Posted by Josepi on June 20, 2010, 4:06 am
Thanx for the info.
You say they use neutrals. Are any of the conductors grounded at any place?
BTW: It always bugged me that N.America used a black wire as the live
conductor. Meanwhile every electronic wiring scheme always used black as the
grounded, neutral or negative voltage. TV and Radio, control circuits,
electronics, etc.. In a DC circuit it represented the negative or return of
the battery as black.
England does use neutrals.
The active used to be red (Brown now?) and the neutral black (Blue now?) and
the earth green (yellow and green now?)
England does not have 120 volts as a standard voltage.
The English system is 3 phase and single phase. Now it was 415 volts for 3
phase and 240 volts for single phase but I think that has been reduced to
230 volts to comply with European standards, not sure how much the 3 phase
voltage has been reduced.
In UK they have a ring main that is used for domestic plugs (13 amp) where
the cable starts at the 30 amp fuse and returns to the same fuse allowing
the current to flow both ways through the cable. The actual appliance plug
has a smaller fuse inside of it to protect the appliance.
Posted by Ralph Mowery on June 20, 2010, 3:09 pm
It does bug me too about the black wires and I live in the US and work on
both electrical and electronic circuits.
The standard house feed in the US is a center tapped transformer. It is 240
volts across both hot wires and the neutral is the center tap of the
transformer. It is grounded. That means in a properly wired circuit you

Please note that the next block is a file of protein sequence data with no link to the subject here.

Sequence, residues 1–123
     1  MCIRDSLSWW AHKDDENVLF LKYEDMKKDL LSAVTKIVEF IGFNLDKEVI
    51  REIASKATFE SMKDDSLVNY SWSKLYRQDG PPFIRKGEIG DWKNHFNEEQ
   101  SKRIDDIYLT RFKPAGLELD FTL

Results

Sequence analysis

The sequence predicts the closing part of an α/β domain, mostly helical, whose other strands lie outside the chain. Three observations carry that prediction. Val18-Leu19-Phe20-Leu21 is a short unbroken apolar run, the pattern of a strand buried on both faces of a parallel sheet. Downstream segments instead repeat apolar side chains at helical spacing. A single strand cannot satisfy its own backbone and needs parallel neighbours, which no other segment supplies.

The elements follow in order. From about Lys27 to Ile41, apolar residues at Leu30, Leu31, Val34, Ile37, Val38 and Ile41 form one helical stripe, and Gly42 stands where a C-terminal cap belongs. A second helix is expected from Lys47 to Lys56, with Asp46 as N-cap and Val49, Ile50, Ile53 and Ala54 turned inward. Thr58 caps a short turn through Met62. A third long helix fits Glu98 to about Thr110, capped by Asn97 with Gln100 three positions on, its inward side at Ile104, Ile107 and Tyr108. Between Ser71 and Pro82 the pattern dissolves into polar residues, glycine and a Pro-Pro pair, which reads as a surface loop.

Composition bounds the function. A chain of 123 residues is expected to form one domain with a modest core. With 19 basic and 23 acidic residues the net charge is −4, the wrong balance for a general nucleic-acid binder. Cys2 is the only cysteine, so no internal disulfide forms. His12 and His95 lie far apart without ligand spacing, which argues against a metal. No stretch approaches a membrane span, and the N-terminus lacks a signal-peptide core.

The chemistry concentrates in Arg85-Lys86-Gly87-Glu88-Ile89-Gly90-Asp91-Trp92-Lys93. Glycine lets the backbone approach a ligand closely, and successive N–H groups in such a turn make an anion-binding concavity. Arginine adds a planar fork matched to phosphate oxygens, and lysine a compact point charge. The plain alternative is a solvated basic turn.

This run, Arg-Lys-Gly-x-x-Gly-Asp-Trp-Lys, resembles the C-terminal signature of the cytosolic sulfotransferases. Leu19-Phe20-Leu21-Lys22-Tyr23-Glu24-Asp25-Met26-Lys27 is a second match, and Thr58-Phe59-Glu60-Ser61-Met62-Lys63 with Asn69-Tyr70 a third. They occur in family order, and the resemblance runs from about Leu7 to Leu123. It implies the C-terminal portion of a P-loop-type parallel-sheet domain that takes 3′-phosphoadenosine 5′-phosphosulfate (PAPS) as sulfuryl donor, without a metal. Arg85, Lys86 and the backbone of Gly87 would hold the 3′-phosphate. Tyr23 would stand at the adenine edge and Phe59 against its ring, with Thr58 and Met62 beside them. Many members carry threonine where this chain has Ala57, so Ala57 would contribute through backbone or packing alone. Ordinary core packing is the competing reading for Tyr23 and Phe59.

will never be more than 120 volts above the ground.
I don't know if or when the over seas color coding changed but we got in
some 480 volt equipment that are in big cabinets that are around 6 feet
tall. On the outside there is a disconnect switch. When the power is on
the switch is pointed to the red color and when the power is off the switch
is pointed to the green color. We think it is to indicate that red means it
is not safe to enter as the power is on and green means that the power is
off and it is safe to enter the cabinet. This is exectally opposit from
anything I have seen in over 30 years. It was always green --power on and
red -- power off.
Posted by Jim Wilkins on June 20, 2010, 4:34 pm
You want us to follow standards?
Of course we have standards.
We have LOTS of standards.
Recently I've seen more IEC color coding in new US practice.
Posted by daestrom on June 20, 2010, 5:10 pm
Ralph Mowery wrote:
First commercial control room I was in used red to indicate breakers
closed, and green for open, so that seems the most natural to me. But
over the years I have found some plants have the colors reversed (green
is 'running' and red is 'stopped'). It can be pretty confusing. Funny
thing is, off/open/stopped light seems to always be on the left whether
it's red or green.
Posted by hubops on June 21, 2010, 1:55 am
.... now - let's work fluid valves into the mix ..
where open valve permits flow - open switch or breaker stops flow.
Normally open switches/breakers get a special indicator arrow
on a drawing ; normally closed for valves ... I think.
.. it's all so confusing. :-)